Oil prices rose on Tuesday after a severe cold sweeping across Texas forced a shutdown of the wells and refineries in the biggest crude-producing state of the US.
International benchmark Brent crude was trading at $63.59 per barrel at 0650 GMT with a 0.45% increase after closing Monday at $63.30 a barrel.
American benchmark West Texas Intermediate (WTI) increased by 1.27% to $60.23 per barrel at the same time relative to end-of-day trading at $59.47 a barrel during the previous session.
Oil companies, including ExxonMobil, Total, Valero and Shell, temporarily shut down operations citing "unprecedented freezing temperatures."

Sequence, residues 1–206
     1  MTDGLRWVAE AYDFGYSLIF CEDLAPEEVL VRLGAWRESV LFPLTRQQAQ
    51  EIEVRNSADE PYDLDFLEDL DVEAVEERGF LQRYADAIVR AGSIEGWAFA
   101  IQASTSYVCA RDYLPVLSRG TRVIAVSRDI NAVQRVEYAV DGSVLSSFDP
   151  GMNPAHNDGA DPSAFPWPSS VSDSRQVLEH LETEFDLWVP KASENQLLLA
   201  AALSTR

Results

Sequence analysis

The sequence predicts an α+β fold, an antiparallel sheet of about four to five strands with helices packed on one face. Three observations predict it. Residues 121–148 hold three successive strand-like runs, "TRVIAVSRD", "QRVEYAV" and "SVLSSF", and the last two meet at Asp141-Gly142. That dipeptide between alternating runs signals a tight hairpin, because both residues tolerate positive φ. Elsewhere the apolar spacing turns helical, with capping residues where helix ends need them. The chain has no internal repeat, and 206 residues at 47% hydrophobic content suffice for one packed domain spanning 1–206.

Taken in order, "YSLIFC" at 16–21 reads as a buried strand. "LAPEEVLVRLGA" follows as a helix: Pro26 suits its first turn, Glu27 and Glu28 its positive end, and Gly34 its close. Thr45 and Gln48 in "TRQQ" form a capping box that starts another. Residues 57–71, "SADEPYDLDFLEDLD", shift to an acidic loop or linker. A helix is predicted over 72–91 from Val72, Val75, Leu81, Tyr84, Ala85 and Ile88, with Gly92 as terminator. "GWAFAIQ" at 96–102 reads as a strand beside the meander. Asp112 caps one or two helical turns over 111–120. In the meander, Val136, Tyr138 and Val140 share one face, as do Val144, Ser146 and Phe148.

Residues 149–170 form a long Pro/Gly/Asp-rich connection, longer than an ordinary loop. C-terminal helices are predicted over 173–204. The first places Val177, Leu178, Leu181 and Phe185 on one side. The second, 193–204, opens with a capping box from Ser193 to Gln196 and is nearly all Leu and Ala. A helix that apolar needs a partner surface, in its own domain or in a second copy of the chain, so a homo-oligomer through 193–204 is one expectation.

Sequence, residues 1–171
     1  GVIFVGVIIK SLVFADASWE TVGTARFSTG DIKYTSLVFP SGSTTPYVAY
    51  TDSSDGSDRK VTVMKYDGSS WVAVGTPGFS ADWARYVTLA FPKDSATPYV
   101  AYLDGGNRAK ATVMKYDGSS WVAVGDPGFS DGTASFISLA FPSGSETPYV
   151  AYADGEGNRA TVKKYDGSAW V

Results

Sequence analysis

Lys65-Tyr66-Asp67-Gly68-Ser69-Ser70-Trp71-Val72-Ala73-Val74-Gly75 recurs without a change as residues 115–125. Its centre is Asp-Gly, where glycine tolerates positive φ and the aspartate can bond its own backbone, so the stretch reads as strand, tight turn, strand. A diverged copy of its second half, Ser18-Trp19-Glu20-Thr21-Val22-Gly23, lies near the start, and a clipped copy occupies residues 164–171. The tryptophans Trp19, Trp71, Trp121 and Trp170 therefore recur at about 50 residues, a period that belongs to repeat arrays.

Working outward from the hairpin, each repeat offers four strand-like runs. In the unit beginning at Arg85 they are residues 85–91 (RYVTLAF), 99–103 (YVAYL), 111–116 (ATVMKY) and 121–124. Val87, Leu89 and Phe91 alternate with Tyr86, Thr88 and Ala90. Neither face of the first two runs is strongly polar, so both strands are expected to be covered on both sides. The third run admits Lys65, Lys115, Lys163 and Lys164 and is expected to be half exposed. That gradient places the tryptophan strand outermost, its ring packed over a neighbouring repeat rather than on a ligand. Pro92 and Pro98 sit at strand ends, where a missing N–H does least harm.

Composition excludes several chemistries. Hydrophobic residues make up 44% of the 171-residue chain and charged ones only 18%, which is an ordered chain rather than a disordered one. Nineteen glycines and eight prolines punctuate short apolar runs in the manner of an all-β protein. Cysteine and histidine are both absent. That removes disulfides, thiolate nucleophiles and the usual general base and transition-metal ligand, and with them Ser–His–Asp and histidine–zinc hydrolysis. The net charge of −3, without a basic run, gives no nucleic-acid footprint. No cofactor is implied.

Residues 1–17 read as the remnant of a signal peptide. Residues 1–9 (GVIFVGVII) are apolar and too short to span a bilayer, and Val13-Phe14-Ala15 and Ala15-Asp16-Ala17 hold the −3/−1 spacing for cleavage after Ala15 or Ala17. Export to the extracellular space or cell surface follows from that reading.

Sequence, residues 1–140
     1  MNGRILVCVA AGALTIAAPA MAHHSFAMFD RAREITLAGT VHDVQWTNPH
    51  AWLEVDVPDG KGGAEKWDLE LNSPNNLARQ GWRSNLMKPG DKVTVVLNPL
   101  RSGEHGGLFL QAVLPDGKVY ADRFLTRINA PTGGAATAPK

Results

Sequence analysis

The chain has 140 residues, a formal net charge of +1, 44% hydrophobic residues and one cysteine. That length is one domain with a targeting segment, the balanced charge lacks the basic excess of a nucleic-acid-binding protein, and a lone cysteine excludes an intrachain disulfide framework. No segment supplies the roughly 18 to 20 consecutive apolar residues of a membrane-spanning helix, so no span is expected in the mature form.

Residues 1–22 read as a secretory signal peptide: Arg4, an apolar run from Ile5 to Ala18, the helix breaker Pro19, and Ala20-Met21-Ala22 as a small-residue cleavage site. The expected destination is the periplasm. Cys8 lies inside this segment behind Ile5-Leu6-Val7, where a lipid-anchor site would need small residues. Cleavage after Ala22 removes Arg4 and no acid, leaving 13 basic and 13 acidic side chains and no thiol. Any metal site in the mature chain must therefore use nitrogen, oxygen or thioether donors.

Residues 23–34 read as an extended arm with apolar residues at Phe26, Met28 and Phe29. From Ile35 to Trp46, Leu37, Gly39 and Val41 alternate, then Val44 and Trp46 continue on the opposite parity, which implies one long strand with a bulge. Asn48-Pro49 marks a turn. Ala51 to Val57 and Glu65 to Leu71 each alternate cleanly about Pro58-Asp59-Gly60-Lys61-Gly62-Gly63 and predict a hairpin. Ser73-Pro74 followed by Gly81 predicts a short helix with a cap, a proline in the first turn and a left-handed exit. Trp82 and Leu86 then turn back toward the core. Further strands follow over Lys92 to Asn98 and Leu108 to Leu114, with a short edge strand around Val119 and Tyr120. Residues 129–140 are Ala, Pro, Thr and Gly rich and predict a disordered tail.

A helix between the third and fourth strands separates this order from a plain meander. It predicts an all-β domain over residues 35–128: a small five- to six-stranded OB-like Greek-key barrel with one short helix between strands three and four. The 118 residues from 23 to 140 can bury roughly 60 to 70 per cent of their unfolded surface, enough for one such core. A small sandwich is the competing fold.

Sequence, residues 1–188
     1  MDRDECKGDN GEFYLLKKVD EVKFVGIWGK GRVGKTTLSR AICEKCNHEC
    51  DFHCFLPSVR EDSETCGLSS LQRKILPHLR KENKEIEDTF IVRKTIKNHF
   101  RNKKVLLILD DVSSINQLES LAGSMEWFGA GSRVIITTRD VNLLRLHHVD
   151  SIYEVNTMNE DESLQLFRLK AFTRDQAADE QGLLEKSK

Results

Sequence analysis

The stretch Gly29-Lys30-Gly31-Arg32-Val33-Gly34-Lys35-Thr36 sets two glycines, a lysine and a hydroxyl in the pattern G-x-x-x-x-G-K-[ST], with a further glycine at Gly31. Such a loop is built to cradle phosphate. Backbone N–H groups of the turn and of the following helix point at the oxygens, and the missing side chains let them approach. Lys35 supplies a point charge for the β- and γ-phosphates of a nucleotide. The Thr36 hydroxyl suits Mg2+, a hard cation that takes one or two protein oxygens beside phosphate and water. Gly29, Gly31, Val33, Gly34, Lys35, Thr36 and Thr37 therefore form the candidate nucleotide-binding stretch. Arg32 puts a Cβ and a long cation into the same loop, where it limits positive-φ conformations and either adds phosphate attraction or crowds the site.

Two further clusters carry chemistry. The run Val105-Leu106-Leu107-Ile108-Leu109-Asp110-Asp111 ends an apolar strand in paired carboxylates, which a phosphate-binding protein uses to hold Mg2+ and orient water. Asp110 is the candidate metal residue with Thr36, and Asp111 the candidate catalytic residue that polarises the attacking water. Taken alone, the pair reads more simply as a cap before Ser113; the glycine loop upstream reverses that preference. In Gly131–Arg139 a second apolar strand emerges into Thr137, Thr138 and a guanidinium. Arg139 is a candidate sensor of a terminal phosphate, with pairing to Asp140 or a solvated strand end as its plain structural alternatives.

The unusual cold front in Texas cut power supplies to millions of people and disrupted production at the facilities, exerting upward pressure on oil prices.
Investors are also pinning hopes on an oil demand recovery as the World Health Organization (WHO) on Monday listed a COVID-19 vaccine jointly developed by AstraZeneca and Oxford University for emergency use.
Cheaper and easier to distribute than some of its rivals, including Pfizer/BioNTech’s, AstraZeneca’s vaccine is raising hopes of greater vaccination coverage in developing countries.
The rising tensions in the Middle East after Iran-backed Houthi rebels in Yemen launched drone attacks on two airports in Saudi Arabia raised supply fears and bolstered prices.
By Sibel Morrow